After recent reports that the Iranian regime was about to execute Sakineh Mohammadi Ashtiani, the Azeri-Iranian woman whose stoning sentence for adultery was suspended after an international outcry earlier this year, many are again expressing their outrage and horror.
British Foreign Secretary William Hague said stoning was a "barbaric" practice and that executing Ms. Ashtiani "would damage Iran in the eyes of the world." The Spouse of the Prime Minister of Canada Laureen Harper, called her case "an affront to any sense of moral or human decency."
In a statement posted on the foreign ministry's web site, French Foreign Minister Bernard Kouchner said he had called Iran's foreign minister, Manouchehr Mottaki, to express his "dismay" at the possibility that Iran was moving forward with Ms. Ashtiani's execution. Mr. Mottaki claimed that the reports were untrue, and that Iranian authorities had not yet reached a final verdict in her case.
That case has been remarkable not only for the barbarity of the stoning sentence, but also for the flagrant disregard for the rule of law displayed by Iran's authorities. Ms. Ashtiani does not speak Farsi and did not understand the proceedings against her from the beginning; after being convicted of adultery in 2006, she endured 99 lashes in front of her teenage son; later the case was reopened and she was charged with murder. Subsequently, she retracted a so-called confession she had made because she made it under duress; her original lawyer was forced to flee Iran after he helped Ms. Ashtiani's children bring international attention to her plight. Her son and her current lawyer were recently arrested.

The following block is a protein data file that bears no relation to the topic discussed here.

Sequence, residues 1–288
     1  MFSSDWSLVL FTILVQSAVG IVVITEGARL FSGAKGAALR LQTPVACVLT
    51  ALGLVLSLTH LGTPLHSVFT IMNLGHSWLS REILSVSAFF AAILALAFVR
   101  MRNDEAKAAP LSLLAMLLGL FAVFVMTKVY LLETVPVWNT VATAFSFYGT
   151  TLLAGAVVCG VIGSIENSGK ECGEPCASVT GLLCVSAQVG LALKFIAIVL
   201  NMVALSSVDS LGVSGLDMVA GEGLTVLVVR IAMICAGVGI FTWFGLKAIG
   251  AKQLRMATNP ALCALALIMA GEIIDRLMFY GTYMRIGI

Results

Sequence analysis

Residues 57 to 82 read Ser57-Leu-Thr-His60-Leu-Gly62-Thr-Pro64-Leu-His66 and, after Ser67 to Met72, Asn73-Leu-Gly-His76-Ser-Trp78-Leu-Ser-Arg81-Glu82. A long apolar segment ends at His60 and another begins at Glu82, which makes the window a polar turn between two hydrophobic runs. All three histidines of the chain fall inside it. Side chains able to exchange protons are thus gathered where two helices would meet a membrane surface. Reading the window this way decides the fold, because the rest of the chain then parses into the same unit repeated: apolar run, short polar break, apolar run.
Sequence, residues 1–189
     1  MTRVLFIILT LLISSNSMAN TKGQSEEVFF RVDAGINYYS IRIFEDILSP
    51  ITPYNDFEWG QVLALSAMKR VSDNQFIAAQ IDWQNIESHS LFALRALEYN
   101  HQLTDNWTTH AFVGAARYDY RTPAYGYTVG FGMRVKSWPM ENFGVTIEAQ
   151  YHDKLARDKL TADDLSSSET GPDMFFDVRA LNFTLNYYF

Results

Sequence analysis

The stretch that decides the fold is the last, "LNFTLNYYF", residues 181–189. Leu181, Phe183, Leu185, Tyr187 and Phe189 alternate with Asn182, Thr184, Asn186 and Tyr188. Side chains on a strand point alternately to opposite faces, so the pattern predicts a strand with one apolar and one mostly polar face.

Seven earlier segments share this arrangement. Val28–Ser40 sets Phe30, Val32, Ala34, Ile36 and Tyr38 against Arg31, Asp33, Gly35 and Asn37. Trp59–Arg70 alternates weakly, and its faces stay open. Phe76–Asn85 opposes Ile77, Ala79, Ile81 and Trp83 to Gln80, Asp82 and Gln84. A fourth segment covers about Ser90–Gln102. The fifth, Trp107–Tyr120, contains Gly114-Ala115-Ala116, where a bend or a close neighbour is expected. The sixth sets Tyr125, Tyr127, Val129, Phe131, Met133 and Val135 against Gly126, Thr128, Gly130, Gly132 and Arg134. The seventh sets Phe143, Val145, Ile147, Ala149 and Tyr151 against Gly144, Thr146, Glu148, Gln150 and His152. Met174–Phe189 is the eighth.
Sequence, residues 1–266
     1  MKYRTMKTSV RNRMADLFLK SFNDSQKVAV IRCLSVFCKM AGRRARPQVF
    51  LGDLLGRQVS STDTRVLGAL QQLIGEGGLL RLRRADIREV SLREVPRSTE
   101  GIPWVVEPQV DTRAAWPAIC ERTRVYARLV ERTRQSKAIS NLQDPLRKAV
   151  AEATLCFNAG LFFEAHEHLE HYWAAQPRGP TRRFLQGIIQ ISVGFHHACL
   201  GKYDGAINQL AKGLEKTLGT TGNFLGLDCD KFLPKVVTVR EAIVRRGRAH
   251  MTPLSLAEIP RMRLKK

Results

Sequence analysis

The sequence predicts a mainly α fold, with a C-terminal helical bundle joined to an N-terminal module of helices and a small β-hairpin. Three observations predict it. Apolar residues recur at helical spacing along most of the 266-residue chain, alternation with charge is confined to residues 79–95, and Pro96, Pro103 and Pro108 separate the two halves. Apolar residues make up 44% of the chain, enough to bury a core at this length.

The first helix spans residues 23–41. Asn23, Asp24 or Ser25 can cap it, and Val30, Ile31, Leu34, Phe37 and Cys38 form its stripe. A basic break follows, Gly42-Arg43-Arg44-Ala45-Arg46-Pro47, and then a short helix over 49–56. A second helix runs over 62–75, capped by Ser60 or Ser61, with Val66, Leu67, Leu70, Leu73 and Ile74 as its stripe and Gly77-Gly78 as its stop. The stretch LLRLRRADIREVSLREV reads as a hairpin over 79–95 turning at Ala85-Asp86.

Secretary of State Hillary Clinton expressed deep concern over reports that Iranian authorities may be finalizing plans to execute Ms. Ashtiani. "Iran's leaders have failed once again to protect the fundamental rights of their own citizens, particularly women," she wrote in a statement. White House spokesman Robert Gibbs condemned "in the strongest possible terms the Government of Iran's apparent plan to move forward in executing" Ms. Ashtiani. Mr. Gibbs called the lack of transparency and due process in Ms. Ashtiani's case, and the subsequent actions taken against her lawyer and family "unacceptable." Her case, he wrote in a statement, "demonstrates the Government of Iran's fundamental disregard for human rights, including those of women. We call on the Government of Iran," said Mr. Gibbs, "to stop this execution and provide Ms. Ashtiani with the due process and fair treatment she deserves."